MarketInsight: Hundred dollar bills
One of my favorite investment stories is that of Ben Franklin’s will. Franklin was the first American hero. He was as much loved in his own time as he is today and his exploits are still known by most.
Franklin passed in 1790 and left an intricate will that has fascinated historians ever since. At the time, Franklin was at odds with his son, William. William Franklin had served King George as the Tory Governor of New Jersey. So, Ben basically wrote him out of the will stating “[t]he part he acted against me in the late war, which is of public notoriety, will account for my leaving him no more of an estate [than] he endeavoured to deprive me of.”
He made a large number of specific bequests. He left his walking stick “with a gold head curiously wrought in the form of the cap of liberty” to George Washington. He left a portrait of the King of France surrounded by 408 diamonds to his daughter with the proviso that none of the gems be turned into jewelry “either for herself or daughters, and thereby introduce or countenance the expensive, vain, and useless fashion of wearing jewels in this country.”
Stating that “it having long been a fixed political opinion of mine, that in a democratical state there ought to be no offices of profit,” he left the money he had been paid as Governor of Pennsylvania to the cities of Boston and Philadelphia, 1000 pounds each. He directed that those monies be held in trust for 200 years and lent at 5 percent interest to young, single artisans of each city on the grounds that “good apprentices are most likely to make good citizens.”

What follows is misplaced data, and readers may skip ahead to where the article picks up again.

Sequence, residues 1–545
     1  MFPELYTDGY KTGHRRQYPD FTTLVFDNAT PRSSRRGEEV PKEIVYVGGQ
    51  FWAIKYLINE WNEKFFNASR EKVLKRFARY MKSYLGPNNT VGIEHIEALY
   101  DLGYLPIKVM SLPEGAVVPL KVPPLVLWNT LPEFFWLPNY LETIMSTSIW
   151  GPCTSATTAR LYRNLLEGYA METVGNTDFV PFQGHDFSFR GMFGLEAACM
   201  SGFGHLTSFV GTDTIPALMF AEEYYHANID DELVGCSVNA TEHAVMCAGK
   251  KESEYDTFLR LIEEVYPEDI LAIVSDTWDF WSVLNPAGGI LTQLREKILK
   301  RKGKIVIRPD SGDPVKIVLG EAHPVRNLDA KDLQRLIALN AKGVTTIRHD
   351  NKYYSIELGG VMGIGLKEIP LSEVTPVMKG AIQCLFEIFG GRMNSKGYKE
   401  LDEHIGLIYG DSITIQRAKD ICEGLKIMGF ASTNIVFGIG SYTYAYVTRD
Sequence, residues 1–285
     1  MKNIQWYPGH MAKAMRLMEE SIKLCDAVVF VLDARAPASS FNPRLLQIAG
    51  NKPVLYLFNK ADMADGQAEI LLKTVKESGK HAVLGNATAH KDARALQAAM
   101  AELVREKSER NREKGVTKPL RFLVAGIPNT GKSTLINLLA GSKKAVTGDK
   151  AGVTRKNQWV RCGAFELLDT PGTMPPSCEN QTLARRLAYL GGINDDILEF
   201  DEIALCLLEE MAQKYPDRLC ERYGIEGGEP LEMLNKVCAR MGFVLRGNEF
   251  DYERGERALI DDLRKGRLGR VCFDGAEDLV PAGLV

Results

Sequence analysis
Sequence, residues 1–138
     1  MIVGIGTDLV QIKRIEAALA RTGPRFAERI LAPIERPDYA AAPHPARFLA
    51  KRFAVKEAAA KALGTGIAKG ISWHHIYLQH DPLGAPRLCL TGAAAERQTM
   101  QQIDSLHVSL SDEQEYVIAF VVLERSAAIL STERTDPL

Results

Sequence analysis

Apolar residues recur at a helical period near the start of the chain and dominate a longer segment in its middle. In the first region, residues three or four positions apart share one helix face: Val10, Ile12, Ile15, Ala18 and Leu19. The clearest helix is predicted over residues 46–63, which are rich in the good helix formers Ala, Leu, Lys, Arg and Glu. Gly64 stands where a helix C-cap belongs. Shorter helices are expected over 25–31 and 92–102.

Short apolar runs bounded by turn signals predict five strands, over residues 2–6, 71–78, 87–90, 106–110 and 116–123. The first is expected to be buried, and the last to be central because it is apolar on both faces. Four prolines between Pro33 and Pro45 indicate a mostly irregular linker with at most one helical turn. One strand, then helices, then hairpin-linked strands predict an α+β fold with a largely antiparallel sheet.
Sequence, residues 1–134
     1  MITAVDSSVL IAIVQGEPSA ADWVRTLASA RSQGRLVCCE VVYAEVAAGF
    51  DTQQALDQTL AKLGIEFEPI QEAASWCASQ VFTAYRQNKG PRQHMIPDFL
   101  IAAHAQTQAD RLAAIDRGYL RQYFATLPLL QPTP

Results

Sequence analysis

At the end of the first 100 years, each city would be entitled to spend two-thirds of the monies accumulated. Boston used their money to construct the Franklin Union and Philadelphia built the Franklin Institute. I took my kids there last summer. It is worth the trip. At the end of the second 100 years, Franklin left the balance to the citizens to do with as they wished “not presuming to carry my views farther.”
Franklin was brilliant, but he did not foresee the dissolution of the apprentice system in this country. Well before the first 100 years were up, there were no apprentices to borrow the money. Both cities went to court to amend the trusts. Philadelphia used its money to provide mortgages to low-income workers. Boston invested in stocks. At the end of the 200 years, Philadelphia had around $2,000,000. But Boston did much better. Their trust ended up being worth more than $4.5 million.
Scott A. Grant is President of Standfast Asset Management in Ponte Vedra Beach. He welcomes your comments or questions at email@example.com.